-1
What a fucking scam, banking, nice work if you can get it.

Homeowners lost 8 trillion in residential equity mostly through malfeasance by bankers and the Fed, and the resulting buy off to use their get out of jail free card is a 25 billion settlement, that is three one thousandths of the damages they did.  (0.00312)

My mortgage was 130,000 when I walked away in 2009 and mailed the keys back, at this time the house has dropped to $68,000 in value, with all the fees and late payment assessments and etc. the balance is now around 145k so that the loan to value ratio is over 200% and they think I am going to go back into the place if they offer me a $10,000 write down of the principal? 

They could write down the principal to the market value of 68k, lower the interest rate to 4%, forgive all late fees and arrears so my credit score heals, and kiss my fucking ass and I would still tell Chase to go fuck themselves.  They ripped me off in 2009 and they will never have to opportunity to do it again no matter the consequences."

Settlement doesn't preclude individual claims. I'd recommend going after Chase.

Fri, 02/10/2012 - 08:45 | Link to Comment jwoop66
jwoop66's picture

How'd they rip you off?

Fri, 02/10/2012 - 12:10 | Link to Comment boiltherich
boiltherich's picture

Back when they first announced HAMP I called them to discuss a mortgage modification, to see if I was eligible for a lower interest rate, they said that they were not permitted to discuss any modifications till a mortgage was 90 days in arrears, and you like I did would have gotten the distinct impression of wink wink nod nod in the voice of the bank rep.  In other words, you had to default in order to get a modification, the lady said she could "not advise anyone to stop paying their mortgage just to get a modification but until I was 90 days late she could not discuss it."  So, I stopped paying for 90 days. 

When I called them back 3 months later I was told that the HAMP program was only for those current on their payments and besides, I made too much money since my mortgage payments were only 26% of my income.  But, in the meanwhile late fees and arrears had made catching back up almost impossible.  And while all this was going on my insurance company had taken out my insurance premiums twice in June 2009 putting me into a temporary but severe bind, when I had gone in to make my payment at the AllState office my agent told me that in future if I paid by automatic checking withdrawal I would get an additional 10% discount on my policies, I went ahead and paid by debit card because the payment was due but I told the agent I would come back in a week or so and sign up for the deal for future payments.  I went back the next week and signed up, then went camping for a few days up at Crater Lake, when I got home I was overdrawn and I could not find out why because the online banker was down for the switch over from WaMu to Chase.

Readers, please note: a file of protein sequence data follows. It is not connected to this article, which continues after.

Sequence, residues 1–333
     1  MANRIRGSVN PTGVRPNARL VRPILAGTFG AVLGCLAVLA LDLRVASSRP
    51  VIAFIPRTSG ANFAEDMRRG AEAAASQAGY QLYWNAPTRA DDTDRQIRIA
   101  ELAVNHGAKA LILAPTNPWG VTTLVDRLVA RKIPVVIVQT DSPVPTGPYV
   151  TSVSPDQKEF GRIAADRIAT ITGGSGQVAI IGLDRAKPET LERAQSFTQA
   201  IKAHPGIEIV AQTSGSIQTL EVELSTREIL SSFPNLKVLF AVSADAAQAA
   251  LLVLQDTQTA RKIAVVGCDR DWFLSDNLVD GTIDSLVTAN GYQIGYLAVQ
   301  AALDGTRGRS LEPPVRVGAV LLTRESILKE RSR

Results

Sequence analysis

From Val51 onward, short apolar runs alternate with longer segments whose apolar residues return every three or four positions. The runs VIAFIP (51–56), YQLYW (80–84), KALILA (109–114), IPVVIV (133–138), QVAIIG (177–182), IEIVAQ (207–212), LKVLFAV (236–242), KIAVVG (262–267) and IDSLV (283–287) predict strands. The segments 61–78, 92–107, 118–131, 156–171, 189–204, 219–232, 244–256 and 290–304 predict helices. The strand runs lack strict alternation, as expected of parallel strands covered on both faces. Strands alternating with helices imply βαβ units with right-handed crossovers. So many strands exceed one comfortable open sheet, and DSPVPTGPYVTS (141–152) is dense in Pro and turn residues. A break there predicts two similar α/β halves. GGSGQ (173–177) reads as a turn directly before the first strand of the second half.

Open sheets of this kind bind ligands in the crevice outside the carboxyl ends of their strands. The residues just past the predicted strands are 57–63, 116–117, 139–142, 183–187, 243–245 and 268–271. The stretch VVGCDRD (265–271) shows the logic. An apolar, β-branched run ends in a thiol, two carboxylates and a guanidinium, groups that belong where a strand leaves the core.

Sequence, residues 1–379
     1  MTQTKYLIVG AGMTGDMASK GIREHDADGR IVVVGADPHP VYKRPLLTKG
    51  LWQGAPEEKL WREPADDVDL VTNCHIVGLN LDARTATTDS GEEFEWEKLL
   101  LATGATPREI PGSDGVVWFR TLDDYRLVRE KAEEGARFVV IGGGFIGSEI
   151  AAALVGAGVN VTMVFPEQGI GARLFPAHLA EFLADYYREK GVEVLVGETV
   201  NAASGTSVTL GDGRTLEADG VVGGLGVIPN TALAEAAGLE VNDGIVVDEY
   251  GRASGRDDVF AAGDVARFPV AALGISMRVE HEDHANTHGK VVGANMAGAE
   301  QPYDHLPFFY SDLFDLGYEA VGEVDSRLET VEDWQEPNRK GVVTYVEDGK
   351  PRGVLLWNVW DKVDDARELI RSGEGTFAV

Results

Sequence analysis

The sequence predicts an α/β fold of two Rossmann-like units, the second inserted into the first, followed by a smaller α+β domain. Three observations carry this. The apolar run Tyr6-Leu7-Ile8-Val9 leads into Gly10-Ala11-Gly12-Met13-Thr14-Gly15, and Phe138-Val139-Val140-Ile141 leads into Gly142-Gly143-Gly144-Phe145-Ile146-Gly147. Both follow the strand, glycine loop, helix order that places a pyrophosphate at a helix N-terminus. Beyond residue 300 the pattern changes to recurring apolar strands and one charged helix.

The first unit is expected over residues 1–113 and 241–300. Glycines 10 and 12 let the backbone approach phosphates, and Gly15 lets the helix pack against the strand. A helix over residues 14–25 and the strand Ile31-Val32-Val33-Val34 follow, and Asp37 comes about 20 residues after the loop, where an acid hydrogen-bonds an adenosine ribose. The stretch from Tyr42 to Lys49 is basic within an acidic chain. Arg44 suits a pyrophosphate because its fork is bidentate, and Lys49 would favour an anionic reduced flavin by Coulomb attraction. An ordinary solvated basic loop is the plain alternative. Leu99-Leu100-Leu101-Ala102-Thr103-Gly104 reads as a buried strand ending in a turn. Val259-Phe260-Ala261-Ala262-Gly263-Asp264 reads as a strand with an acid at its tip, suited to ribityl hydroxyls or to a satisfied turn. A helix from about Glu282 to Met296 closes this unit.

When I was finally able to access the account again it turned out that my insurance agent had signed me up for the auto pay thing and the AllState computer immediately hit my bank account for the premiums even though I had paid by debit card a full week previous, but they sat on the original payment so that the computer system thought I had not paid.  And because it was Chase now not WaMu in charge of my checking they had a policy of screwing you for every last dime in your account, fees that were accrued but not posted for 48 hours so that you in effect could not know how much money was needed to bring the account out of the negative.